SLACKTIVISTS, LOBBYISTS, ADVOCATES & ACTIVISTS
The Farces and Forces of Motorcyclists' Rights
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A couple of weeks ago, New Jersey Iron Butt rider extraordinaire John Ryan rode 5,645 miles--from Prudhoe Bay,
Alaska to Key West, Florida--in 86 hours 31 minutes, setting a new record for the IBA's Ultimate Coast-to-Coast
("UCC") run. John was successful not only because he rode hard, but also because he rode smart. In
other words, in addition to skill, strength and fortitude, he demonstrated his ability to set a goal and
implement an effective strategy in achieving it.
Just as "making the distance" is our goal in endurance riding, "making a difference" should be our goal in motorcyclists' rights. And in a world of finite resources and conflicting priorities, to make a difference we have to work smart as well as hard, and do the best we can with what we have. In choosing what we want to accomplish, and more importantly what we are willing to sacrifice to make it happen, we define ourselves in the spectrum of the farces and forces of motorcyclists' rights:
Quoting from Snopes.com:
"We can't claim credit for having coined this term, nor do we know its actual origin, but we love it nonetheless.
Slacktivism is the search for the ultimate feel-good that derives from having come to society's rescue without
actually getting one's hands dirty, volunteering any of one's time, or opening one's wallet. It's slacktivism
that prompts us to forward appeals for business cards on behalf of a dying child intent upon having his name
recorded in the Guinness World Book of Records, or exhortations to others to continue circulating a particular
e-mail because some big company has supposedly promised that every forward will generate monies for the care
of a languishing tot. Likewise, it's slacktivism that prompts us to want to join a boycott of designated
gas companies, or eschew buying gasoline on a particular day rather than reduce our personal consumption of
fossil fuels by driving less and taking the bus more often. Slacktivism comes in many forms, but its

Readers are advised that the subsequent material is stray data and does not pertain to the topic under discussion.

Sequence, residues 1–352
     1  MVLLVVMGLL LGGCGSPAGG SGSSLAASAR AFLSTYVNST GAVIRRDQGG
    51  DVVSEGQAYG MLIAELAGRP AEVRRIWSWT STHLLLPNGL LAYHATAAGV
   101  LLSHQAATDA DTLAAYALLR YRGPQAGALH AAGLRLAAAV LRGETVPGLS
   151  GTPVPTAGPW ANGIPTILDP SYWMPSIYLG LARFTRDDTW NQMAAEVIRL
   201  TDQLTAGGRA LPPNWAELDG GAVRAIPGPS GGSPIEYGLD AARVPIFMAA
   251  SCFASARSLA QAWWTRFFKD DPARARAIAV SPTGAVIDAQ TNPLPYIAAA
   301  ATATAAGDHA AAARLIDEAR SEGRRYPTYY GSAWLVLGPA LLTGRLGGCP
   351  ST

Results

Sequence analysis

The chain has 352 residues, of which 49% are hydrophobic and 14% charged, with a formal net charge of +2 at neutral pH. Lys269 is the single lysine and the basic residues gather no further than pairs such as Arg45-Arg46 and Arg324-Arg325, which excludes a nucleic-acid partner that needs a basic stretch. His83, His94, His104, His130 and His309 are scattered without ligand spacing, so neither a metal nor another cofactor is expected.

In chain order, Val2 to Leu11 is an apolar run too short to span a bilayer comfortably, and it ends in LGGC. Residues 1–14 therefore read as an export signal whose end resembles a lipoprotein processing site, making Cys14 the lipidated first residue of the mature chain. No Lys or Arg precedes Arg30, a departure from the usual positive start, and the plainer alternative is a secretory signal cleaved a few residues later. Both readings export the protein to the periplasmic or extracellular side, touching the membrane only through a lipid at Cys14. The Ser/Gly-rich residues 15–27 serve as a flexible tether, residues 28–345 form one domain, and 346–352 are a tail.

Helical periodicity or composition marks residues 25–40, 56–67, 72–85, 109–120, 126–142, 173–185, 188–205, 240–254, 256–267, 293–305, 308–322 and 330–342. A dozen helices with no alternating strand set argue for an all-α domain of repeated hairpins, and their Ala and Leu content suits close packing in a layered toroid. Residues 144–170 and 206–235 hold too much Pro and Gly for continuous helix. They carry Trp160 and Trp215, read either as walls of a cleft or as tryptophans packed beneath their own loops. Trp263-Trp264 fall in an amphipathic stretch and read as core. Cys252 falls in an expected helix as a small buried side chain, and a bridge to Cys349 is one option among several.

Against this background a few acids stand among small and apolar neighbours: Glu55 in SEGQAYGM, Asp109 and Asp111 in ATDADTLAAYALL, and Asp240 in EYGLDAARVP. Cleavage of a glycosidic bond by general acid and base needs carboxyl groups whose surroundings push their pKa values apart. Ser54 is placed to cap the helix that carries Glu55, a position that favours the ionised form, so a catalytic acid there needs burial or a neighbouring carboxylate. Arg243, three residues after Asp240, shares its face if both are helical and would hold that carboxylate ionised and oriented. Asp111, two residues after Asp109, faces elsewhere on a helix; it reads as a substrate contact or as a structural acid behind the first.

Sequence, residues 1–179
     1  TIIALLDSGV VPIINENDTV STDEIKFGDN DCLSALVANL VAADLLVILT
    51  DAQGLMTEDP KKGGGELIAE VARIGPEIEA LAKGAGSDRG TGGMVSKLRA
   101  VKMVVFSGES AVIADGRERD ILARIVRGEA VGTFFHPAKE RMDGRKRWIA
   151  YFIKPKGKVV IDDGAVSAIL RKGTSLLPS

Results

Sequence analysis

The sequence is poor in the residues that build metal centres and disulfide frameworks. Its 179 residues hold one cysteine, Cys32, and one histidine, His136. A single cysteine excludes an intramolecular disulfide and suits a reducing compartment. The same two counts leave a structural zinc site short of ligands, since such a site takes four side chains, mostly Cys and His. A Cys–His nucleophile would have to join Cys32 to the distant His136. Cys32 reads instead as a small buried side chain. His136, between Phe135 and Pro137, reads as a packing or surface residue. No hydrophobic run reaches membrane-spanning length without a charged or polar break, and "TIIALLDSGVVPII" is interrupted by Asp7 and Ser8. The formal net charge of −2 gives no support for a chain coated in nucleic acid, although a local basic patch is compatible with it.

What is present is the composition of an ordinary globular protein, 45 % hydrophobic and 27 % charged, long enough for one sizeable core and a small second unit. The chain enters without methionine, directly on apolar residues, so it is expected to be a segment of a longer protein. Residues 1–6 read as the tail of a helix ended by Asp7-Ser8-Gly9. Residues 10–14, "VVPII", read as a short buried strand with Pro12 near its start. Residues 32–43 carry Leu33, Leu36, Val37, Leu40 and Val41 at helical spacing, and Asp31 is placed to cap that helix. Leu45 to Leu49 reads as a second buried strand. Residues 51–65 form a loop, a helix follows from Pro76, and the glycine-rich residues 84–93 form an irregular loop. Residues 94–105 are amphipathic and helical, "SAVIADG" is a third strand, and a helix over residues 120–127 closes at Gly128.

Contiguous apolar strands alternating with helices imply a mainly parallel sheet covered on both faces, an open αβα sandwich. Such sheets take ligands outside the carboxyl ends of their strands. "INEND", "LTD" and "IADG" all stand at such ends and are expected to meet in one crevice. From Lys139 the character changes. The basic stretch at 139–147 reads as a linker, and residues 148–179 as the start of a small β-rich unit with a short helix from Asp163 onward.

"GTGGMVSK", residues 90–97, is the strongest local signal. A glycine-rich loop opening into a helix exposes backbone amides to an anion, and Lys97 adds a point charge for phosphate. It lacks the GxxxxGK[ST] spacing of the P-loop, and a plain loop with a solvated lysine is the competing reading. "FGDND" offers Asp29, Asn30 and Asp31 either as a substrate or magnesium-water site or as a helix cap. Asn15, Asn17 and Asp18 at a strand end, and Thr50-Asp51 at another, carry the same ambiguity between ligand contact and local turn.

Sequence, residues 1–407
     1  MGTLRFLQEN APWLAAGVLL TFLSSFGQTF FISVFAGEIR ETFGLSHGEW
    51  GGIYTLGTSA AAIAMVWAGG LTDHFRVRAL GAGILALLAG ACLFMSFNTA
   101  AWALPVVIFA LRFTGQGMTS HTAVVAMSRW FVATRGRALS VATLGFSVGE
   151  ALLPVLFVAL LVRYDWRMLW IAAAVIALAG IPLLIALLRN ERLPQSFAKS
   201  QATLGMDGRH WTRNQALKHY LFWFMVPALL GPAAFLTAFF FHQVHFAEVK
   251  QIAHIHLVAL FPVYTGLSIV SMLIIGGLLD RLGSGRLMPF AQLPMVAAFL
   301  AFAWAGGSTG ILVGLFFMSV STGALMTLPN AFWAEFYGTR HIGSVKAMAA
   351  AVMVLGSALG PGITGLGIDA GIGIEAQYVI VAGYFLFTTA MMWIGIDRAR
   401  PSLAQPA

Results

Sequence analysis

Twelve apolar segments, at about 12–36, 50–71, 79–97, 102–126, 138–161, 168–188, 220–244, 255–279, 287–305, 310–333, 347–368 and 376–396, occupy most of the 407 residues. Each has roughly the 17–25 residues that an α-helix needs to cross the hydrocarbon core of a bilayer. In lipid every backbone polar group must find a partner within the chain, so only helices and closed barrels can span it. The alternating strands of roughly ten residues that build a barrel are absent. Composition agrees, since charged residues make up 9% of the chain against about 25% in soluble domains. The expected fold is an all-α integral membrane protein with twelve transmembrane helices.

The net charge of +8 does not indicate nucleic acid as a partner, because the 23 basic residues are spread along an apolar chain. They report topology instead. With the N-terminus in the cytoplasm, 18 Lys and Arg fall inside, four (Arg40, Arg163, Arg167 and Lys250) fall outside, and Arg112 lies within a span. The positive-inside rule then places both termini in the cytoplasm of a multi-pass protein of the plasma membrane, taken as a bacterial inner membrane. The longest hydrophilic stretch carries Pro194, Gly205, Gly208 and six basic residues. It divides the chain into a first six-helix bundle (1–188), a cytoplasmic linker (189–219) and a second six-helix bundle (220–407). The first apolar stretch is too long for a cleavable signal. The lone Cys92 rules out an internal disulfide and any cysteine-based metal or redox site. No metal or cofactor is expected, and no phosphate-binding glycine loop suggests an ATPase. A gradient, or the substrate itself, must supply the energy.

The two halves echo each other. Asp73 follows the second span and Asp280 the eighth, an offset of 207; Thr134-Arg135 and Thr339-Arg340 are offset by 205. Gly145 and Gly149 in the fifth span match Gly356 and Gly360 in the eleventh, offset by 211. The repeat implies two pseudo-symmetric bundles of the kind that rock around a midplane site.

defining characteristic is its central theme of doing good with little or no effort on the part of the
person inspired to participate, through the mechanisms of forwarding, exhorting, collecting, or e-signing."
This definition applies without exception to more than a few in our ranks. And to it I would add, in the language
if not the words of Jeff Foxworthy, "If you believe that web blogging, forum posting or email forwarding
without real-world followup is 'freedom fighting', then you just might be a slacktivist."
Whereas the real motivation (pardon the irony) of a slacktivist may be to pass the time, the expected motivation for
a lobbyist is to pass a bill. Lobbying refers specifically to advocacy efforts that attempt to influence legislation,
and comes in two basic flavors: "Grassroots lobbying" is appealing to the general public to contact the legislature
about an issue. "Direct lobbying" is contacting government officials or employees directly to influence legislation.
There are many lobbyists, paid and unpaid, professional and volunteer, who have made a real and positive difference
in the motorcyclists' rights arena. Charles Umbenhauer is one good example:
On the other hand, our movement has suffered from the unintended consequences of our hired guns' stated best
And in some instances, those stated intentions may have cloaked a questionable agenda:
Advocacy can be defined as "the pursuit of influencing outcomes--including public policy and resource allocation
decisions within political, economic, and social systems and institutions." And although some use the words
synonymously, there is a distinction between advocacy and lobbying: Although all lobbyists are advocates, not all
advocates are lobbyists.
There are many ways to work within the system as a bikers' rights advocate other than strictly by lobbying for or
against legislation. Organizing, raising money and volunteering for public Motorcycle Awareness campaigns is one.
The "Check Twice - Save A Life" initiative is one of many good examples you'll find in the
"Motorcycle Awareness" link list here:
Another laudable form of bikers' rights advocacy is to champion the cause and come to the aid of fallen riders
and their families, as does Paul Cote and the Massachusetts Motorcyclists Survivor's Fund:
I have been guilty at times of using the terms "activist" and "advocate" interchangeably, but they are not.
The distinction is in how far they are willing to go to accomplish their socio-political objectives: The focus
of the advocate is to effect change by working "within the system". For the activist the focus is to accomplish
the objective, even if doing so requires non-violent civil disobedience, or "defying the system" in order to change it.
Unlike thousands of Colonials who meekly protested British tyranny, John Hancock, Thomas Jefferson and the 54
other patriots who signed our Declaration of Independence on or after July 4th 1776 took action. And unlike the tens
of thousands of slacktivists who flooded forums and inboxes with indignant postings about Myrtle Beach's new
anti-biker ordinances, one hundred freedom-fighting activists actually showed up to make a stand against that
WHAT ARE YOU WILLING TO DO?
Riding a motorcycle defines you as a motorcyclist. And what you do (or don't do) to protect your
Right-to-Ride not only defines your place in the spectrum above, but also impacts the future of
motorcycling in America. So I ask again:
What are YOU willing to do?
Speaking strictly for myself and no other individuals or organizations,
Author and Publisher, LdrLongDistanceRider.com
Co-Moderator, Bruce-n-RC's Biker Forum
Mile Eater Gold Member, Iron Butt Association (IBA)
Sustaining Member, Motorcycle Riders Foundation (MRF)
2009 Chairman's Circle, American Motorcyclist Association (AMA)
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